Opinion: Red Hat claims first place in the Eclipse open-source IDE stakes and I want to know why that makes a difference.
Red Hat announced the release of its JBoss Developer Studio on Dec 10, touting it as "the first open source, Eclipse-based, integrated development environment," and I want to know why that makes a difference.
I'm not trying to disrespect the JBoss/Exadel/Red Hat effort or technology here, I'm just wondering why making that claim of being the first 100 percent open-source IDE based on Eclipse is an issue.
I suppose having the full widget collection in open source may have some value for some developers. But making the issue of being the first open-source IDE based on an already open-source project is just curious to me.
First of all, to claim to be first in anything open source and developer related is hard to prove these days. But, secondly, what is the benefit? To take a poke at CodeGear, Genuitec and others that offer commercial IDEs based on Eclipse? OK.
As far as I see it, being first at anything on Eclipse mattered a lot more back in 2002 and 2003. Now Eclipse is everywhere. It's a saturated market in most aspects. And, though Red Hat touts its "open sourceness," its new offering goes for an annual subscription of $99. You can get Genuitec's MyEclipse for 30 bucks annually and the professional edition of the product for about $50.
"I know I'm biased, but I'm not sure how taking over a year to only provide another vendor lock-in IDE at twice the price of vendor-neutral MyEclipse subscription can be viewed positively by the developer community," said Todd Williams, vice president of technology at Genuitec.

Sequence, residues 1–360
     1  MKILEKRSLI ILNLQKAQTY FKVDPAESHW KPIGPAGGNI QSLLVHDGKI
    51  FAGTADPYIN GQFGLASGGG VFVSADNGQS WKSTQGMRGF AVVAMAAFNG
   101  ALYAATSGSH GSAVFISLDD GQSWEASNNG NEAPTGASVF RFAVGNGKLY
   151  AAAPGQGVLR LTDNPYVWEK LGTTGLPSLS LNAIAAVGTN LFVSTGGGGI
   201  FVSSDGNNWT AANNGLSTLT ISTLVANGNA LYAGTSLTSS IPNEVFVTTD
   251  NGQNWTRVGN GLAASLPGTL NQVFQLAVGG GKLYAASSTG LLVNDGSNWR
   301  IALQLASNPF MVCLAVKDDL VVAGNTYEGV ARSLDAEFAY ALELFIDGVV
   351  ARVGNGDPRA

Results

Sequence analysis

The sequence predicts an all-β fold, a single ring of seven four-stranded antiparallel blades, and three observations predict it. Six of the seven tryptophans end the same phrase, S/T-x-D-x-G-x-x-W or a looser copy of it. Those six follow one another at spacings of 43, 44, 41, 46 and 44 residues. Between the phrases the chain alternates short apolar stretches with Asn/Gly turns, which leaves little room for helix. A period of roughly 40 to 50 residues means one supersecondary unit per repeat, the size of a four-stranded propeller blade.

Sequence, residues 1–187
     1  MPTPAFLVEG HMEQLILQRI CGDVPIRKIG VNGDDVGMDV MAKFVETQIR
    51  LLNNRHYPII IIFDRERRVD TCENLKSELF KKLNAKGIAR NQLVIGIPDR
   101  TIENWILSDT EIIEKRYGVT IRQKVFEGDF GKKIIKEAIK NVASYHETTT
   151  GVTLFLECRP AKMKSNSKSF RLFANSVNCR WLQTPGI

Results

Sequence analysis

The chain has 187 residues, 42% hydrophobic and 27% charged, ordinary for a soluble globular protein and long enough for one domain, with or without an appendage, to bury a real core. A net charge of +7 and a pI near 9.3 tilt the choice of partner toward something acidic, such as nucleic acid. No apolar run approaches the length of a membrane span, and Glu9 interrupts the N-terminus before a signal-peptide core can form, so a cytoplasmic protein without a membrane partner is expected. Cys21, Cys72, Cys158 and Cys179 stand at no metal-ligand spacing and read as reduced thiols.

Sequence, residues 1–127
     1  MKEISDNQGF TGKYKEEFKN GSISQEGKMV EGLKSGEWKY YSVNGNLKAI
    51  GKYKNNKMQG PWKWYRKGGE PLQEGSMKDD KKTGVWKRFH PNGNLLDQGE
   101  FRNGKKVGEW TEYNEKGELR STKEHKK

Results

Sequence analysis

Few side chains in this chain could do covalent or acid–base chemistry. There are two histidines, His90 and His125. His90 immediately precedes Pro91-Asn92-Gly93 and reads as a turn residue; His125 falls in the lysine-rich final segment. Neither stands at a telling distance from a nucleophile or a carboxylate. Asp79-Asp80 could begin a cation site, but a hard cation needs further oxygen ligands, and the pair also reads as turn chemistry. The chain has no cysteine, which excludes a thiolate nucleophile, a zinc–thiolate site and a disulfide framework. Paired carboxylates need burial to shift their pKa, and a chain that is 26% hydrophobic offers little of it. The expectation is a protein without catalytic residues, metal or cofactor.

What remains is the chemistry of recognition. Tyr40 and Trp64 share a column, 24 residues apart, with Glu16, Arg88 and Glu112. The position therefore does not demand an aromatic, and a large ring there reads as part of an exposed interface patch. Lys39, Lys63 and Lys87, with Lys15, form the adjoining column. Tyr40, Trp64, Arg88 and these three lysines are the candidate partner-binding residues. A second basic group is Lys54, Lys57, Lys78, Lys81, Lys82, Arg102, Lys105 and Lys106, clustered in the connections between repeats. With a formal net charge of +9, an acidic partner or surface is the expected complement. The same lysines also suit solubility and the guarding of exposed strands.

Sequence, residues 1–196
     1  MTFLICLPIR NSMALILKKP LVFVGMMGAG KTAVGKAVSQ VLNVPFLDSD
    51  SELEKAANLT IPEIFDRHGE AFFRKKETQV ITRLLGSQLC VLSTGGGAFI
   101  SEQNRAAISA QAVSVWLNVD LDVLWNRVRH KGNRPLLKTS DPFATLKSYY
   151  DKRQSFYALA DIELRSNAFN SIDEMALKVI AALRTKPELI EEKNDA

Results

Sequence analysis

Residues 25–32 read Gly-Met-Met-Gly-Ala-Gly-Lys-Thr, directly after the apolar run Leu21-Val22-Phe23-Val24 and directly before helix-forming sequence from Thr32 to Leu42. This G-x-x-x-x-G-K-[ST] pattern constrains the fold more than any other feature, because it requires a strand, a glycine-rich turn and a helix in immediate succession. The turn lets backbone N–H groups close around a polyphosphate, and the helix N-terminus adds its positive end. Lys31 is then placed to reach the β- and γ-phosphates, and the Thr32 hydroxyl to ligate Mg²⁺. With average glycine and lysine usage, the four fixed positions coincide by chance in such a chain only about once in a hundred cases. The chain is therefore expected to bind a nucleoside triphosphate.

To read more about why a survey says Eclipse helps make money and save money, click here.
Moreover, Red Hat may have open-sourced the technology, but they did so under the GPL (General Public License) which means that it cannot be shared with anyone else in the Eclipse ecosystem. So the net effect is pretty much equivalent to making it proprietary?
In a blog post from back in March when Red Hat first announced the deal with Exadel, Sacha Labourey, chief technology officer and co-general manager of the JBoss division of Red Hat said: "From a licensing standpoint, JBoss Ajax4jsf and JBoss RichFaces have been open sourced under the LGPL while Red Hat Developer Studio will be open sourced under a GPL-based license (except for JBoss IDE plug-ins which will keep their current license)."
Anyway, that little rant aside, JBoss Developer Studio is based on tools Red Hat got from Exadel when Exadel decided to open-source its toolset early this year. First dubbed Red Hat Developer Studio, now known as JBoss Developer Studio, the tools provide a simple, powerful and easy-to-use solution for developers utilizing JBoss Enterprise Middleware, said Bryan Che, Red Hat product marketing manager.
While Todd and some others might say the idea here is to provide nothing more than an open-source lock-in to the JBoss application platform, I don't even want to go there. I just took issue with the "first ever" thing.
Che said JBoss Developer Studio eliminates the need to assemble individual development environments, enabling developers and IT departments to use the complete JBoss solution in one easily delivered installation.
Red Hat also said that since its initial beta release in August, there have been more than 100,000 downloads of the test builds for Developer Studio.
The combination of these components provides developers with a stable solution that offers matched tooling, easy upgrades and the same runtime environment in development as in production, Red Hat officials said.
Check out eWEEK.com's Application Development Center for the latest news, reviews and analysis in programming environments and developer tools.
Darryl K. Taft covers the development tools and developer-related issues beat from his office in Baltimore. He has more than 10 years of experience in the business and is always looking for the next scoop. Taft is a member of the Association for Computing Machinery (ACM) and was named 'one of the most active middleware reporters in the world' by The Middleware Co. He also has his own card in the 'Who's Who in Enterprise Java' deck.